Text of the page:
Underhill is back! Conveniently located between two dorm complexes in Berkeley, the field holds many fond memories for me. It was a green expanse that always greeted me when I peered out my seventh story window. Sometimes there were soccer games, other times lacrosse. And often, there were coeds jogging around its perimeter, freshmen determined to avoid the dreaded “freshmen 15.”
Speaking of jogging, It’s where I ran my (one and only) six minute mile, high off several cups of espresso! And yes, I had a witness, my cafe pal–ah how times have changed: he still drinks coffee, I can’t drink caffeine anymore. But we are still friends. It’s where my freshman year roommate and friends would gather with our cups of late night espresso (from Caffe Strada!) for our many study breaks (somehow the study breaks outnumbered the study sessions).
We laid there on the soft astroturf, many nights, looking at all the windows in the dorm, the high rises lit with light and fervor. Was that a woman changing out of her top? Was that a couple making out or–? Yes, our observations were highly sexualized. And besides, the silhouettes of studying people were not very exciting conversation fodder.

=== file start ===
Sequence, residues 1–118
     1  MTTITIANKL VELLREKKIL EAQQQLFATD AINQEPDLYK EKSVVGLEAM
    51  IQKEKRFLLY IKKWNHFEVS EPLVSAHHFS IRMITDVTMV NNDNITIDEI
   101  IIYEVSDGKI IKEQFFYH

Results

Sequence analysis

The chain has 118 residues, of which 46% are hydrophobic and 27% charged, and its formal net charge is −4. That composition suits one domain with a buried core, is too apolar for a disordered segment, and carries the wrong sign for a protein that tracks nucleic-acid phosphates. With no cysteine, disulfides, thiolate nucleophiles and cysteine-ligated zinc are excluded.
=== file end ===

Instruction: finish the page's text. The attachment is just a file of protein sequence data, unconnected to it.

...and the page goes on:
We’d look at the sky. We’d wonder what the meaning of life was (remember, we were eighteen years old and had yet to give up on that quest and recognize it as a hypothetical question). We wondered what we’d be when we grew up. We philosophized. We dreamed. We wondered what would happen if we fell asleep out there.
It was the setting for such diurnal young adult outings, the kind of setting replete with romanticism, drama, and nostalgia–the kind of setting that would make it onto film, if my life were replayed on the silver screen.
But then it got demolished, sometime before my graduation. I was sad when it was gone–I had many happy memories of that astro-turf field atop a parking garage. The remaining concrete girders and twisted pieces of rebar sticking out in the wreckage, the gaping hole in the ground made me even more nostalgic for the setting (and I love nostalgia–I live in the same college town over a decade later). It looked like the wreckage of our youth. They took it apart rather slowly, an agonizing process–if my memory serves me correctly, it happened my junior year, when I returned to that particular dorm complex as a resident assistant.
And then, all I had of Underhill was in my memories.
What a welcome surprise to see it back.